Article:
"Nothing's easy," said Upton, who's retiring at the end of this term. "He's going to work hard, I'm sure."

Upton said the dynamics remind him of the race to replace Boehner in 2015, when conservative opposition forced McCarthy to drop out of the contest. But with one major difference.

"Unlike before when, in essence, Kevin threw in the towel, he's not going to do it this time," Upton said. "They had an easy path before when Kevin backed off. He's not backing off this time."

Both supporters and opponents of McCarthy acknowledged a major difference between the internal nomination vote and the Jan. 3 vote that could improve McCarthy’s level of support: On the House floor, votes will be public and not secret — likely influencing those who do not want to upset McCarthy to vote for him.

Biggs launched a late challenge to McCarthy on Monday night and did not make a presentation beforehand at a House GOP leadership candidate forum, during which McCarthy got standing ovations.

“We have a new paradigm here, and I think the country wants a different direction from the House of Representatives,” Biggs said on Newsmax Monday night. He has previously expressed disappointment with McCarthy downplaying the prospects of impeachment for Biden administration officials like Homeland Security Secretary Alejandro Mayorkas.

Reps. Michael Cloud (Texas) and Ralph Norman (S.C.) seconded Roy’s nomination of Biggs in the conference meeting on Tuesday, according to a source in the room. Rep. Kelly Armstrong (N.D.) was among those who gave a speech in support of McCarthy.

Not all members of the Freedom Caucus agree with the tactic of challenging McCarthy, however.

Rep. Marjorie Taylor Greene (R-Ga.), once a doubter of McCarthy’s ability to become Speaker, has become one of his most vocal supporters for the post — as she hopes to secure favorable committee assignments in the next Congress. A slim majority, she fears, could cause moderate Republicans to join Democrats and elect a compromise moderate candidate.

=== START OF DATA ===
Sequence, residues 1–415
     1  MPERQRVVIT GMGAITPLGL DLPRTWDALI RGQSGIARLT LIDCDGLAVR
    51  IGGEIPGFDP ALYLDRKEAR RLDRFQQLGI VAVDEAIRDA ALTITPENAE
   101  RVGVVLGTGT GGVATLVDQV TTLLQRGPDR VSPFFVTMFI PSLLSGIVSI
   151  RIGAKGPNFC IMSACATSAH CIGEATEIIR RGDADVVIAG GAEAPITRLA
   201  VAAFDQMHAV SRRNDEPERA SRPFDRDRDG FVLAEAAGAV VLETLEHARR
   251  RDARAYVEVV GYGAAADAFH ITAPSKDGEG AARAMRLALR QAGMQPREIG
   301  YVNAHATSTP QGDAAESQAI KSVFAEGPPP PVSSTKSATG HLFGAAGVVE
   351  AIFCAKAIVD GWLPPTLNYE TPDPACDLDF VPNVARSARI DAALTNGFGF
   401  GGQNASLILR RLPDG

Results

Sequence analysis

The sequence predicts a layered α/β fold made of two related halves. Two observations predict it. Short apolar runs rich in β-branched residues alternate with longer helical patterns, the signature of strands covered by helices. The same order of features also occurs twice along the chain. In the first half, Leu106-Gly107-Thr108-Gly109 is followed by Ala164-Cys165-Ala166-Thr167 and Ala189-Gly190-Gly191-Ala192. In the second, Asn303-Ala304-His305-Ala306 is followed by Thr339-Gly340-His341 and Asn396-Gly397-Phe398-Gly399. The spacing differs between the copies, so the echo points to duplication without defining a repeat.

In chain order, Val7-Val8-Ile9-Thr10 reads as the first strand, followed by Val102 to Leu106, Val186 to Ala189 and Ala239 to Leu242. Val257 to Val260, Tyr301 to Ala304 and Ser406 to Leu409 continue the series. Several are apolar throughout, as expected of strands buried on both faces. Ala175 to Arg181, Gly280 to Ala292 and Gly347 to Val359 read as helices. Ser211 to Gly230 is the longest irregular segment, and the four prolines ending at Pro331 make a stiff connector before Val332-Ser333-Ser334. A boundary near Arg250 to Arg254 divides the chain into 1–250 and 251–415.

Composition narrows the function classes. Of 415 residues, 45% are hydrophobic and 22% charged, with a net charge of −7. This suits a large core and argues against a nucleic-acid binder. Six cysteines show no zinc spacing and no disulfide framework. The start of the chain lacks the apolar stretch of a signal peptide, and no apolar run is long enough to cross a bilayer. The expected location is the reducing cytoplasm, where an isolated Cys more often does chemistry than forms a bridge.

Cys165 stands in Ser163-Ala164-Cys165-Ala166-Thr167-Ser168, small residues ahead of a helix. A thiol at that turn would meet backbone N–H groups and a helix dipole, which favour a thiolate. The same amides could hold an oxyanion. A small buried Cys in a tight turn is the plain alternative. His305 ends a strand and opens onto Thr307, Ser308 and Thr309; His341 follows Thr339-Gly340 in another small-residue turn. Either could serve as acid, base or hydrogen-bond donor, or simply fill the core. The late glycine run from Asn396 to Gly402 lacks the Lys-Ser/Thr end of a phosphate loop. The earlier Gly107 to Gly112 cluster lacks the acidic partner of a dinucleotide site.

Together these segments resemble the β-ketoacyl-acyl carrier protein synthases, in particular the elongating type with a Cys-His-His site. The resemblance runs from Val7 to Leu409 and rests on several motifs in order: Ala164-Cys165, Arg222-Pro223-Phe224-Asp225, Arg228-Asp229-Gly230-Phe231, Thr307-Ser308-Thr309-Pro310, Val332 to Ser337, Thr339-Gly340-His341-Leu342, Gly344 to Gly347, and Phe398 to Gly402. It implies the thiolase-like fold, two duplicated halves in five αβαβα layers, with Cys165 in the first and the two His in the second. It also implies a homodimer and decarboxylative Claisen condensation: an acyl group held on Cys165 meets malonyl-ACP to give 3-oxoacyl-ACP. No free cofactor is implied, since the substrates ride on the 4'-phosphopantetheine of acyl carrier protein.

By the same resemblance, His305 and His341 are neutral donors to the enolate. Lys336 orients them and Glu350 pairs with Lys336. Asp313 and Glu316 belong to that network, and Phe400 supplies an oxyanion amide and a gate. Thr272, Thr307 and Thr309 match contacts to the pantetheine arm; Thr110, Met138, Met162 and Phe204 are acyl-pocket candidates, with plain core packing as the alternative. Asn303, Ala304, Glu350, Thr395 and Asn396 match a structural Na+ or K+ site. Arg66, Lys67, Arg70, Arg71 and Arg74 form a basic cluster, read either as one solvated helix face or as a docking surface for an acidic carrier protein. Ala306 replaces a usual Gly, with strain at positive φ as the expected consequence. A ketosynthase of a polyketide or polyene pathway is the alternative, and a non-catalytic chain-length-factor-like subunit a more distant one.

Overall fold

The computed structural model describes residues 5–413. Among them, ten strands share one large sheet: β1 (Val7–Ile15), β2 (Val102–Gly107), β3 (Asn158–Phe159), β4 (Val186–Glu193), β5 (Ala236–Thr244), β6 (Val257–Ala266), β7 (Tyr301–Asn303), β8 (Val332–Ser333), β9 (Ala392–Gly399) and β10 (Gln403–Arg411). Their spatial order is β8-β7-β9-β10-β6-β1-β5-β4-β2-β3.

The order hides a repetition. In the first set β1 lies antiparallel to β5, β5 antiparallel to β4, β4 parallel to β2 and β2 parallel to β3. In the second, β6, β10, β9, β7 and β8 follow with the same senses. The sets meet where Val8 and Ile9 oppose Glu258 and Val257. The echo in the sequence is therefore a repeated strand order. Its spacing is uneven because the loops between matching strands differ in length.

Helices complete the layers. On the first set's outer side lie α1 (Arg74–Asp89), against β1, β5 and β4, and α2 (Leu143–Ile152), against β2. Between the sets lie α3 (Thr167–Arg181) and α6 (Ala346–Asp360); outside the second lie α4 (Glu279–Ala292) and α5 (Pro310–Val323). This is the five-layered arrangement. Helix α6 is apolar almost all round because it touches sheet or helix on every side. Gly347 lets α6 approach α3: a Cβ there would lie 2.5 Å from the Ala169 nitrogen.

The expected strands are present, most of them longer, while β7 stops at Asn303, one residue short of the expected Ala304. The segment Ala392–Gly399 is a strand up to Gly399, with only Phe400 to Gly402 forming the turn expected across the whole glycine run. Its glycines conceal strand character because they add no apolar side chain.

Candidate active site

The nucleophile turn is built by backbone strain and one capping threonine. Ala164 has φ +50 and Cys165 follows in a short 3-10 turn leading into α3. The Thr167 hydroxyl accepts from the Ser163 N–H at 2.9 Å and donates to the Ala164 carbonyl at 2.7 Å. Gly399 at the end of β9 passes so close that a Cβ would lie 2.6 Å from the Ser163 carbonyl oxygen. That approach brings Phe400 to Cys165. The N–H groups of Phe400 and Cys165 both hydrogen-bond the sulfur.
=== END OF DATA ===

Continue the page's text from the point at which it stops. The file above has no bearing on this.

“We have to elect Kevin McCarthy,” Greene told reporters Monday. “I can’t support a challenge that will allow the Democrats to elect their own Speaker by pulling some of ours.”

The Speakership has been a longtime goal for McCarthy, who has been active in Republican politics since his young adulthood.

“Can I be Speaker?” McCarthy said in jest to a member presiding over the House at one point during an overnight, record-breaking speech on the House floor last year, when he delayed passage of a major Democratic tax, climate and spending bill.

After rising to minority leader in the California State Assembly, the Bakersfield, Calif., Republican was elected to the U.S. House in 2006, eventually rising through the leadership ranks from chief deputy whip to whip to majority leader.

But Biggs’s challenge is the latest chapter in the saga of McCarthy battling and wooing the House GOP’s right flank. 

First came the conservative opposition that sank his 2015 Speakership bid, and then in 2018, Rep. Jim Jordan (Ohio), another member of the House Freedom Caucus, challenged him in the race for GOP leader.

But as the top House Republican for the last four years, McCarthy has given the right flank a seat at the table, unlike some of his leadership predecessors. 

Jordan is set to become chairman of the House Judiciary Committee and is fully supporting McCarthy. Greene was invited to participate in McCarthy’s “Commitment to America” policy platform rollout in September.

And perhaps most notably, McCarthy quickly mended his relationship with former President Trump after saying that Trump bore responsibility for the Jan. 6, 2021, Capitol attack, traveling to Mar-a-Lago to meet with him weeks later.

Trump threw his support behind McCarthy for Speaker before last week’s elections. McCarthy has not endorsed the former president running for a third time in 2024, which Trump is expected to announce Tuesday night.